Mark Binker recently made the move from covering state government for WRAL to editor of the NC Insider State Government News Service.
This means Binker, easily one of the best and most knowledgeable political reporters in the state, will also be writing a weekly column. Which means you’ve got some new appointment reading every week.
There are two Binker columns worth your time today: a look at the fights over confirmation of Gov. Roy Cooper’s cabinet appointments and the scars of HB2.
In the case of appointments it’s actually a look at the fights that didn’t happen. After a dust-up (and legal fight) over whether the N.C. Senate had confirmation authority in the first place, the actual confirmations have been non-events.
From the column:
There’s a bigger picture game at play beyond Republicans giving a Democrat a hard time or trying to get into Cooper’s head. General Assemblies and governors have always been at odds over who should be running the show in Raleigh. McCrory, for example, sued Republican lawmakers when they tried to stop him from overseeing the cleanup from a few thousand tons of coal ash his former employer deposited in the Dan River.
Confirmation hearings are part of the same long-running power struggle in a state where voters only gave the governor the chance to veto bills in the mid-1990s and the two branches of government don’t always get along when the same party controls them. So the court fight is more about the next governor more so than the current one.
Binker spoke with GOP Senators and Cooper advisor Ken Eudy about the process and why each side fought over confirmation, though the actual confirmations have gone smoothly.
Behind the scenes, Republican senators will tell you they have been generally happy with Cooper’s cabinet picks. They’ll also tell you that some McCrory administration picks helped inspire the move toward confirmations.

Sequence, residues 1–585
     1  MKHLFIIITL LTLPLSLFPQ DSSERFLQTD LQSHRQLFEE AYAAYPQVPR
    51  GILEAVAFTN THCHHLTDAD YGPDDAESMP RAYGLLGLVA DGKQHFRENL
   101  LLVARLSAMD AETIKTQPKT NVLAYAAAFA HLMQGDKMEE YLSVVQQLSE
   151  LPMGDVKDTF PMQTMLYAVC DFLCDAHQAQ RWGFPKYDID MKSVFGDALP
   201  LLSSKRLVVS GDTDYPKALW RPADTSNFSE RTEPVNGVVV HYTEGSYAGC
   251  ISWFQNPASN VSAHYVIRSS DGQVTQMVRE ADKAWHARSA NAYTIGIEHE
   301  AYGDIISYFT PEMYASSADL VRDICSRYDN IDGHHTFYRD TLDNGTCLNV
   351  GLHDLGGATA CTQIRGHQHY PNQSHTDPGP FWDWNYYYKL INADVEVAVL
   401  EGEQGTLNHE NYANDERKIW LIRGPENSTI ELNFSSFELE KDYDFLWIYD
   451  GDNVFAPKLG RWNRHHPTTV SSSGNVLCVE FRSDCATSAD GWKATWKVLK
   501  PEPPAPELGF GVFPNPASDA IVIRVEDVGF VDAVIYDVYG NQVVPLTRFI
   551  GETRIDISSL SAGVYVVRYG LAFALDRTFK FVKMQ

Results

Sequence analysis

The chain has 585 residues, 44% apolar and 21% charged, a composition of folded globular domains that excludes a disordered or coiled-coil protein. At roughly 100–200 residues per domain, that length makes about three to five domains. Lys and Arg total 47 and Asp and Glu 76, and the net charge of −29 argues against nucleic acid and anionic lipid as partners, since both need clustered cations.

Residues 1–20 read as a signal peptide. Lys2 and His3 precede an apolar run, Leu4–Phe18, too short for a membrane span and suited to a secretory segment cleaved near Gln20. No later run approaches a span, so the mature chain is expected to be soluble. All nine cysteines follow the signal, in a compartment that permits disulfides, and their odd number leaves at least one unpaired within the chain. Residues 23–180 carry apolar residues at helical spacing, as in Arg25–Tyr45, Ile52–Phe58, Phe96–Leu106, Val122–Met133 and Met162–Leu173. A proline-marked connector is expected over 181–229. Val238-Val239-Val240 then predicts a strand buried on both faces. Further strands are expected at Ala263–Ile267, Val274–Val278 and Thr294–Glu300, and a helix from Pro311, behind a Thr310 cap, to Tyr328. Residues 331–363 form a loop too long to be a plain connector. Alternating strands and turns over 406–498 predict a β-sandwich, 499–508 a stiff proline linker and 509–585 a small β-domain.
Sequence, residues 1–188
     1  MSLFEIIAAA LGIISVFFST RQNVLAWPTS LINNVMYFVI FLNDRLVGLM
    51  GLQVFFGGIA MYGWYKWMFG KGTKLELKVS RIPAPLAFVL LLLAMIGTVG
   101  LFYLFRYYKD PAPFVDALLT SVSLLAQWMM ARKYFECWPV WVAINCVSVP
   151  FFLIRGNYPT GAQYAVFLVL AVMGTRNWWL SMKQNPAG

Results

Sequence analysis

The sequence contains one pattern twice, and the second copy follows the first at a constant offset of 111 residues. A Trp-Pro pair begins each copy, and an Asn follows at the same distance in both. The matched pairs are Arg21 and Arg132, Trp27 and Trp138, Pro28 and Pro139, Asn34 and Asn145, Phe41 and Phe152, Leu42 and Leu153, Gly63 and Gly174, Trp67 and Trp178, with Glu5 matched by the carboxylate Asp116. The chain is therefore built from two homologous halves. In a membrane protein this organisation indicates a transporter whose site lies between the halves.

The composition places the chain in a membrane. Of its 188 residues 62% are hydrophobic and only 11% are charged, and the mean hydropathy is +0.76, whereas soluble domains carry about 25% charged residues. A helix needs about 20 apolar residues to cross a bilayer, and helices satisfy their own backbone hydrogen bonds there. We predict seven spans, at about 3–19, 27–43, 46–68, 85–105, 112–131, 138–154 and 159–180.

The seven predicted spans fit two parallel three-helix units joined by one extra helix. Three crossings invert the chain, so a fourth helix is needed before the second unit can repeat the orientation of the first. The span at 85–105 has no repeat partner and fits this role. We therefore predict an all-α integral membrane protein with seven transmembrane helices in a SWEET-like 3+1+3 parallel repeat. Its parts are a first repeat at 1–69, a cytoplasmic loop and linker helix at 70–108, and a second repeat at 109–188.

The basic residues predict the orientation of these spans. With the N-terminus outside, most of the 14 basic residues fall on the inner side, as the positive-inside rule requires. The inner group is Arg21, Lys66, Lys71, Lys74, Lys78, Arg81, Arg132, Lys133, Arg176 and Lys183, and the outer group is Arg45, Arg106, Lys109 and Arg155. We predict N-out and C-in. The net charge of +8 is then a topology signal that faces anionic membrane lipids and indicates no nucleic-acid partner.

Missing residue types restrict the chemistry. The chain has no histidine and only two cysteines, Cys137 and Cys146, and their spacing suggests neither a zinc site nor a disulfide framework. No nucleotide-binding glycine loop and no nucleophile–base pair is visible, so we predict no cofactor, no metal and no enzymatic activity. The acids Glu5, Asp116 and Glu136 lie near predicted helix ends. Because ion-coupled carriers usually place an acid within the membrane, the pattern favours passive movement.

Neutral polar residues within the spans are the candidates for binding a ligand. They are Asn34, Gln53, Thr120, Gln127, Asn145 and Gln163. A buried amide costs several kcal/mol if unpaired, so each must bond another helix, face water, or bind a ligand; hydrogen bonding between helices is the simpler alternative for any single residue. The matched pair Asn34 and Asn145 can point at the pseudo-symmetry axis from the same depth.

The only Cooper pick to run into any sort of turbulence thus far is former Rep. Susi Hamilton, a Wilmington Democrat who faced questions about her firing of a museum head and her involvement in some private business ventures. And even she has cleared the first hurdle in the process.
As Eudy sat and chatted in the foyer of the governor’s mansion in Raleigh, he reflected that any fight that breaks out over Cooper’s picks will have less to do with the personality of the nominee than the personality conflict between Republicans and the man with a bedroom on the second floor of the executive residence.
“Honestly, if they’re being critical of the cabinet pick, it’s not really about the cabinet pick,” Eudy said. “It’s about the guy who sleeps upstairs.”
Take the time to read the whole column.
Binker also writes about the scars of HB2 with a clear-eyed look at its politics that is, none-the-less, very human.
From that column:
“What would growth be if you got rid of the daggum thing? How many more jobs would there be?” Mac Holladay, an Atlanta economic development consultant, asked me earlier this month.
The fact that unemployment is down overall doesn’t mean spit to people who couldn’t find a job because the economy wasn’t quite good enough.
“What hurts more is I have to stand before you all begging please give me respect,” Candis Cox told the Senate Rules Committee as they pondered the compromise. The transgender woman and those in her community will surely be scarred by a year of having people talk about them and what they are rather than speaking to them and finding out who they are.
It’s not all bad news, though.
With any wound, pain and blood eventually give way to lessons learned. Yes, HB2 will leave a mark, real people — your friends and neighbors as well as some very nice folks you’ve never had the chance to meet — will feel its emotional and economic impact for a while. But maybe the next time North Carolina thinks about going out on a rickety tree limb, those scars will remind us of the past year and prod us to think more carefully.